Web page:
By Steve Fiscor, editor-in-chief, E&MJ

This week mining professionals and suppliers gathered at the American Exploration & Mining Association’s (AEMA) annual meeting in Reno, Nevada. “The turnout for this year’s event has been very strong,” AEMA Executive Director Mark Compton said. He confirmed conference attendance was more than 1,650 and thanked the members, sponsors and exhibitors for supporting the event. Outgoing 2022 AEMA President Ron Rimmelman passed the torch to incoming 2023 President Mike Satre.

On Wednesday, December 7, Chris Welton, exploration director for the Americas for Rio Tinto gave a keynote address, Exploration, the Lifeblood of a Sustainable Mining Industry. He explained that geology dictates where resources are found and that no amount of government incentives can bring a project into production if the resources do not exist. The level of government cooperation could, however, dictate an investment decision.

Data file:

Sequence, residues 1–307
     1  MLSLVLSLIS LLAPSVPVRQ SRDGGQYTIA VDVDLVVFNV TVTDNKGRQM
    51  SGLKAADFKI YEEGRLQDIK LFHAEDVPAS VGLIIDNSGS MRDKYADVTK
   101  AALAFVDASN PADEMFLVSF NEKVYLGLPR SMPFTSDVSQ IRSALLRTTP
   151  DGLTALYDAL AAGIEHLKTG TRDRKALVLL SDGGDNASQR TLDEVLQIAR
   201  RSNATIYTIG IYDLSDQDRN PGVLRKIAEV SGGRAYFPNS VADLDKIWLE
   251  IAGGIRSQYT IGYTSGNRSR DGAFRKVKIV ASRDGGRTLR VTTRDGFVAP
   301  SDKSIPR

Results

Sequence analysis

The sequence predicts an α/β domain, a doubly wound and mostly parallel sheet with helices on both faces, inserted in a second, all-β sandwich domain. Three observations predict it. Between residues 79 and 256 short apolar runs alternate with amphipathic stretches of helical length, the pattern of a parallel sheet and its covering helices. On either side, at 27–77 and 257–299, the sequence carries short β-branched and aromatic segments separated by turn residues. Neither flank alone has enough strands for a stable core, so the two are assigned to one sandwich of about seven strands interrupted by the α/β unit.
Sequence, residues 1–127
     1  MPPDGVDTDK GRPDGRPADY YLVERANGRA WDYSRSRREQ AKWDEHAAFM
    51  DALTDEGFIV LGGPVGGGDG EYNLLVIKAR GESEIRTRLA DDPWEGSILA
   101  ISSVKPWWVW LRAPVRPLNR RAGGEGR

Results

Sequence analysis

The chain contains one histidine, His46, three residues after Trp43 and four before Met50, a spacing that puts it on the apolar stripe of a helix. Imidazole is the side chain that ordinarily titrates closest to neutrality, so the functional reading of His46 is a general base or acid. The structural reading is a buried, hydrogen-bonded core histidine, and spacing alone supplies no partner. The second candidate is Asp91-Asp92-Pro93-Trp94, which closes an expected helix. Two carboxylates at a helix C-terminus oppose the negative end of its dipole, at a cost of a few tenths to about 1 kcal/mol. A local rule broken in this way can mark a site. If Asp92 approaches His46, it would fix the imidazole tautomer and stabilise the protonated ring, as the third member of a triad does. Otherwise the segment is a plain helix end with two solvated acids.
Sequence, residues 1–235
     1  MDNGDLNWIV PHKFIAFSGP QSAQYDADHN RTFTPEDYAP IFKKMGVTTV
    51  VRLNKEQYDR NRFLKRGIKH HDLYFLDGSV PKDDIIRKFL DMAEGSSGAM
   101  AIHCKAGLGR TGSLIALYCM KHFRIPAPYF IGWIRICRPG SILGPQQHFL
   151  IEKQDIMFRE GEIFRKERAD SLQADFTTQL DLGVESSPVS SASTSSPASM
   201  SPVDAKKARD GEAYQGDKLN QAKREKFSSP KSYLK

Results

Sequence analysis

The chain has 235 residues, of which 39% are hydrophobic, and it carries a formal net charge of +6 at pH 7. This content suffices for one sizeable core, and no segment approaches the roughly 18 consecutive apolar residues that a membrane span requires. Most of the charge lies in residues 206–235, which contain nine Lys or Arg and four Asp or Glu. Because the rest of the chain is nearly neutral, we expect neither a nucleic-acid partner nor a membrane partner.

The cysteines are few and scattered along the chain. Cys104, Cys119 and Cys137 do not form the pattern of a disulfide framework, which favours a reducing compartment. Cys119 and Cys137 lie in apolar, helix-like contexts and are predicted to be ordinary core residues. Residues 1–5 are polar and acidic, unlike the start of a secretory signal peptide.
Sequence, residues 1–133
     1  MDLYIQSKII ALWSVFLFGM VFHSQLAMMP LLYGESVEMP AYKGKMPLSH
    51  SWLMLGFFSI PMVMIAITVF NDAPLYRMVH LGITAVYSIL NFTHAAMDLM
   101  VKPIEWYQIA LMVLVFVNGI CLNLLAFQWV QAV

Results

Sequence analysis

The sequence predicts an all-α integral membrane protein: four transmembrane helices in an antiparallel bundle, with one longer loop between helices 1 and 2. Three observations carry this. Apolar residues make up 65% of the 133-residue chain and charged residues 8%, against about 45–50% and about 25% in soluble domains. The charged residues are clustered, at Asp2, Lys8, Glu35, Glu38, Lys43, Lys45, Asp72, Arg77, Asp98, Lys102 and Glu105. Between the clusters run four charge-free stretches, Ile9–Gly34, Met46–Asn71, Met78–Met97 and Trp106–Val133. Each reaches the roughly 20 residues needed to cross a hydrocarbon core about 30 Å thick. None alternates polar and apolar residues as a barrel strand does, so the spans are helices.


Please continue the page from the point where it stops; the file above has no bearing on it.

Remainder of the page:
Today, December 8, Alex Jacquez, special assistant to the president for industrial policy and economic development for the White House National Economic Council (NEC), presented the Biden-Harris Administration’s Strategy to Secure Reliable, Sustainable Critical Minerals Supply Chain. The audience was eagerly awaiting an overdue response from the NEC on the Interagency Working Group (IWG) study. He explained they were working hard on the report and it would be available soon. He said the Biden Administration is committed to developing domestic sources of minerals by opening new mines, and recovering minerals from abandoned mines and coal waste.

The IWG convened agency experts and consulted with the public to provide guidance on reforming hardrock mining laws, regulations and permitting policies, created as a response to Section 40206 of the Infrastructure Investment and Jobs Act.

During the Q&A session, he took considerable heat from the audience for the mixed messages from the administration, revoking the Polymet lease in Minnesota with one hand and saying it plans to invest in critical minerals with the other hand. The audience also reminded him that the Mining Law of 1872 is a land tenure law that has served the industry well and should not be drawn into an environmental discussion. They also pointed out that the mining industry already must comply with often onerous, duplicative environmental regulations.